A brace of Auto Meter gauges, which monitor speed and rpm in one unit, as well as oil and
The world of the developmental mule cars is much like ghost writing for a famous celebrity—you do all the hard lifting and take all the bumps and bruises, only for the star to get all the accolades. Such is the case with this particular Pontiac Sunfire. Its story is one of those where the true qualities of the vehicle are somewhat lost by its rather plebian platform. True, this prototype Sunfire has a lot of boy racer-style wings and graphics, but its true beauty is very much under the skin.
First, a word about the Pontiac Piranha. It was the follow-up concept to the ’99 GTO and Aztek prototypes, and pointed to a new direction in active lifestyle vehicles that GM’s designers were dreaming up. This vehicle combined the athletic nature of a “hot hatch” with the versatility of a small SUV. Like many of the concepts Pontiac built during this period, it could have been a segment-defining product like the ’64 GTO was—if the upper management had the guts to release it. Instead, it was another great idea watered down to nearly unrecognizable levels.
The Piranha mule began as a pre-production ’97 Sunfire, and as such, received a VIN with an EX suffix, indicating it was not for sale. It was sent to Pontiac Special Vehicle Engineering, where it was built up under the direction of SVE Manager Tom Goad. The idea was to replicate the mechanical aspects of the Piranha, while being able to drive it around without attracting the attention of spy photographers. A show car and this mule were built.
This Piranha Mule Car started life as a pre-production ’97 Sunfire, and was treated to a h
Its powertrain was identical to the show car, and featured a supercharged version of the 2.2L GM EcoTech four-cylinder before the now-familiar engine family was released for production. It used an Eaton supercharger and an air-to-liquid intercooler to generate 212 hp and 220 lb-ft of torque.
A modified 4T65E-HD front-drive transaxle, with custom internal pieces developed by GM Racing’s front-drive racing team, was employed. This trans was not available in the Sunfire, so it took fabrication to fit it in the small J-body chassis. It also featured a unique Formula-1–style paddle-shifter system later found in the Grand Prix GTP Comp G package, which was released for the ’04 model year.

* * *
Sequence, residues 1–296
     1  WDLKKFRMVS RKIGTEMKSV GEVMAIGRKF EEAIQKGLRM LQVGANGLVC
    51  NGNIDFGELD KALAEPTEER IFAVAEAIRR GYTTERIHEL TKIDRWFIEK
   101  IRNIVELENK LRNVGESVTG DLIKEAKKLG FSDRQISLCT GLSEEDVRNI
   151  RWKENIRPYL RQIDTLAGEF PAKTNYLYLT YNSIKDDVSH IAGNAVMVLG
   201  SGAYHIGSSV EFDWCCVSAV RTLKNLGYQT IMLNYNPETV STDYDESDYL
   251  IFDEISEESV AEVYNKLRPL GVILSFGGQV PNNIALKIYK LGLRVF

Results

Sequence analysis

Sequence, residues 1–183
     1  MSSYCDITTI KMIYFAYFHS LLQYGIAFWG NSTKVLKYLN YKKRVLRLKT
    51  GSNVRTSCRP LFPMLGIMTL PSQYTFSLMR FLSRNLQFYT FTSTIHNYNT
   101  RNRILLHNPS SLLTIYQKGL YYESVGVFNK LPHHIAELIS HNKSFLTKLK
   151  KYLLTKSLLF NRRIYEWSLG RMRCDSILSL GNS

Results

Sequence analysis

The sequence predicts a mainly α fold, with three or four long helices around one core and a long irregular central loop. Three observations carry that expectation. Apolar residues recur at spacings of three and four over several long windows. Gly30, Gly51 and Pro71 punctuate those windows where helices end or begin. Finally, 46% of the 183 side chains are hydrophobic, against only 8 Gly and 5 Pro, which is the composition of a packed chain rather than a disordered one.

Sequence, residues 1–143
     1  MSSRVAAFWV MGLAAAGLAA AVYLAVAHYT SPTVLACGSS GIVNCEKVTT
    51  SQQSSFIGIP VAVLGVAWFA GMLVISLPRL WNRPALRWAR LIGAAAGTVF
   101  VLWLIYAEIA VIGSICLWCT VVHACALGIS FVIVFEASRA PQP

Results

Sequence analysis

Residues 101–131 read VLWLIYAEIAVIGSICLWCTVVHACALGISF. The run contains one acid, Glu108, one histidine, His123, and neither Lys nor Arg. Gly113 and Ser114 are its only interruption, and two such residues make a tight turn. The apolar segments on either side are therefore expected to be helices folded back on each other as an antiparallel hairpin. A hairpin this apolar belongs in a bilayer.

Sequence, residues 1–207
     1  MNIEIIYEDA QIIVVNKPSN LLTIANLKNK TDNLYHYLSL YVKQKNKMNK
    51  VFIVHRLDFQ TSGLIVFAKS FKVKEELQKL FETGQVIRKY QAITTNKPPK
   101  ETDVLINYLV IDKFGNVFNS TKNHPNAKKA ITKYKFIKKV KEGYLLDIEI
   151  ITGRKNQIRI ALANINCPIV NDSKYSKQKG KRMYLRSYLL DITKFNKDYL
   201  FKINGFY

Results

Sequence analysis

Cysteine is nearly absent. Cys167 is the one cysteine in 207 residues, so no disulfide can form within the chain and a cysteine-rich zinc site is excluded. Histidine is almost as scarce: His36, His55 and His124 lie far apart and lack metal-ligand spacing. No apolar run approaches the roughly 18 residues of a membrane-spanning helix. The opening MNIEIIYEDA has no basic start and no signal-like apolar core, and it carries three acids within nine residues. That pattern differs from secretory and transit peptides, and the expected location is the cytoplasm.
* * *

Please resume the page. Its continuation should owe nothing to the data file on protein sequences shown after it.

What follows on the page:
Before the engine family was even announced, the supercharged 2.2L EcoTech four-cylinder w
A TCI electronic transmission control unit allows for custom calibration of shift points,
With an air duct leading to the air filter, the Ram Air hood is functional, though the fil
Changes under the skin continue with custom front and rear independent suspensions. The stock Sunfire rear suspension is a semi-independent system that uses a torsion beam design, so a true IRS upgrade greatly improved handling. All four corners feature double-adjustable Koni shock absorbers and six-piston Brembo brakes with two-piece cross-drilled rotors. Rolling stock consists of 18-inch Focal aluminum wheels shod with Goodyear Eagle GS F1 rubber.
In order to keep the undersized motorcycle battery fresh, a built-in battery charger is us
To today’s viewer, the mule car’s exterior looks a little dated, but that’s actually the charm of a prototype car—it’s a snapshot of what was once the cutting edge. Owing to the then-burgeoning import tuner field, the Piranha reflects many of the customizing cues in-vogue at the time. The Sunfire features a dual-snorkel Ram Air hood, large wheel flares and a rear wing that mimics the one used on the later Toyota Supra. A pair of projector-beam headlamps on each side replaced the single fixed production units.
Originally an aqua color, the Sunfire was repainted yellow with large red and matte black graphics. Its engine compartment is also matte black—it’s body-colored on production cars. Dark window tinting rounds out the visual package.